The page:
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A leaflet distributed by the CPGB(M-L) (the M-L stands for More-Letters) first in June 2012 attempts to  briefly explain their position on Trotskyism: why it is anti-Leninist and counterrevolutionary, and why we ought to be Stalinists. [Read here] I don’t know what kind of leafleting session this must have been – in which communities can they go where people have a basic understanding of the concepts involved? More to the point, are there really enough people concerned about these questions to justify a leaflet? This confusion aside, there are some serious flaws with the old arguments presented, and with the assumption that Trotskyism and Leninism are directly opposed.

The writer begins by criticising Leon Trotsky’s most important theoretical contribution: the theory of Permanent Revolution – the theory that socialist revolution must occur in all capitalist countries, not just in one country alone. It is not a proper criticism, as the writer does not start by explaining the argument in favour of the theory. It is worth understanding that Marx and Engels had the same basic idea. One of the earliest expressions of it was in Friedrich Engels’s Principles of Communism, written in 1847. He answers the question of revolution in one country alone by saying:

“By creating the world market, big industry has already brought all the peoples of the Earth… into such close relation with one another that none is independent of what happens to the others. … It is a universal revolution and will, accordingly, have a universal range.”

Marx looked at the Paris Commune of 1871 and said that it could have only lasted if the same revolutionary activity was mirrored in Germany and Prussia. V.I. Lenin also seemed to adopt the theory, and in December 1917 wrote a short article, For Bread and Peace, that ended: “The socialist revolution that has begun in Russia is… only the beginning of the world socialist revolution.” The alternative proposed by Josef Stalin was a theory of Socialism in One Country. (In Isaac Deutscher’s essay on the emergence of the theory, he argues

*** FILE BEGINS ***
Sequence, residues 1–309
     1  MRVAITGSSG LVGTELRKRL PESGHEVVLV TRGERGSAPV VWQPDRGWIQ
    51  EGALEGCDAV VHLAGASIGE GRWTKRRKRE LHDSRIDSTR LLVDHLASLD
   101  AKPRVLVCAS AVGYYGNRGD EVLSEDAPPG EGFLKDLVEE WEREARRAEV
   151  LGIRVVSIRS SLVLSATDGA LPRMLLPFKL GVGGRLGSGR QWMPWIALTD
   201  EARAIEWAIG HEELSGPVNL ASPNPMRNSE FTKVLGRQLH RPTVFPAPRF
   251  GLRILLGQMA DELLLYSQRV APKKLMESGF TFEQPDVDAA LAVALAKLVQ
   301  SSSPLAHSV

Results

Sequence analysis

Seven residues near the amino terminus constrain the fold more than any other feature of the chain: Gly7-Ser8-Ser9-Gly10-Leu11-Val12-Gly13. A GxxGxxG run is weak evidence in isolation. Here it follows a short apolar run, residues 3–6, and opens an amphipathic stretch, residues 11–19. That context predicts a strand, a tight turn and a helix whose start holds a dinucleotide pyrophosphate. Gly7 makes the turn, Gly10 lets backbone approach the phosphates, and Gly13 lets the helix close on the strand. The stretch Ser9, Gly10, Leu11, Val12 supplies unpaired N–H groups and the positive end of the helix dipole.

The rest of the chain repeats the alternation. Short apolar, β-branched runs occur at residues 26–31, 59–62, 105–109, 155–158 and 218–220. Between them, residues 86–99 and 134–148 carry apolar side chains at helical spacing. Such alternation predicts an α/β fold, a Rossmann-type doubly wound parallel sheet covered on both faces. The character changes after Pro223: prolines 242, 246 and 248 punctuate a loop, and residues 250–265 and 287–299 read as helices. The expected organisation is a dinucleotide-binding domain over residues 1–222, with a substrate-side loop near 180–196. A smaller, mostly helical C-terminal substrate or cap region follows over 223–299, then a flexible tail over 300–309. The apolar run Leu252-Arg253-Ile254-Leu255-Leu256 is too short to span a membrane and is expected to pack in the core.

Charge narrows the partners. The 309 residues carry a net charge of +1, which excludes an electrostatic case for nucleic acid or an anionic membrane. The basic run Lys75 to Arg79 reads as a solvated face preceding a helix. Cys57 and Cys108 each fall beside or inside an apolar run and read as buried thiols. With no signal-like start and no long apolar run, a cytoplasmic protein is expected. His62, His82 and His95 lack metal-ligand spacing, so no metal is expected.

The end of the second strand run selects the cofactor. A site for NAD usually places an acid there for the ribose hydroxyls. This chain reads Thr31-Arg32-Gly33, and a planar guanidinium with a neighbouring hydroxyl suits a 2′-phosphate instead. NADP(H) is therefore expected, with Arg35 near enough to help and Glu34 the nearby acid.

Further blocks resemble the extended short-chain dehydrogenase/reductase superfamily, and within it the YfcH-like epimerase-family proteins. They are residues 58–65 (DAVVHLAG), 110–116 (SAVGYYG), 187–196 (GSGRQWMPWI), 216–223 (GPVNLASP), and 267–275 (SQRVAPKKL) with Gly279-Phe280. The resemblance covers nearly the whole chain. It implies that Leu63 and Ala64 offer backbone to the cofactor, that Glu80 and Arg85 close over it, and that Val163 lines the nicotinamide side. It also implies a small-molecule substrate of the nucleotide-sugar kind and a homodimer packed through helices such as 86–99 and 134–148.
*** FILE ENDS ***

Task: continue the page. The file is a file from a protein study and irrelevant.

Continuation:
An almost perfect leaflet from May 2012

An almost perfect leaflet from May 2012

that Stalin formulated it primarily to propose the opposite to Trotsky.) Even in a country that stretched as far as the Soviet Union, it still found itself isolated, surrounded by capitalist hostility. Weak working class leadership around the world and British and American interference combined made this dream impossible, but it is not enough to blame Churchill: the theory itself can’t deal with capitalist hostility. It isn’t a case of “having the temerity to go on and try to build socialism”. This doesn’t mean I cannot oppose imperialism in North Korea or Cuba, just because I don’t share the same optimism about socialism in those countries. In general I have found Trotskyists broadly agree with the aims of the Cuba Solidarity Campaign, even if they apply Tony Cliff’s “state capitalist” model to the country. Stalinists today often set up a false dichotomy, that you must support a country absolutely or not at all. You are either with the Free Syrian Army, or you are with Assad, for example.

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I’m looking to write some rebuttals to the publications by the London-based Stalin Society, with the aim of being “With Lenin Against Stalin“. By Friday or Saturday, I should have a response up to the GPGB(M-L)’s leaflet, ‘Trotskyism is a tool of the capitalists…‘, but for the much longer texts of the Stalin Society, I’d much prefer to work with someone else, preferably with a good knowledge of Soviet history. It won’t be necessary to defend every Trotskyist organisation, every stupid statement made by the Socialist Worker, or everything Trotsky wrote: just some of the more serious false accusations about his theories and life.

This isn’t an urgent matter I’ll admit, but if the Stalin Society or the CPGBML or the New Communist Party gain any popularity then it will be necessary to win the argument, so let’s be prepared.

If you are interested let me know in the comments, giving me a way to contact you.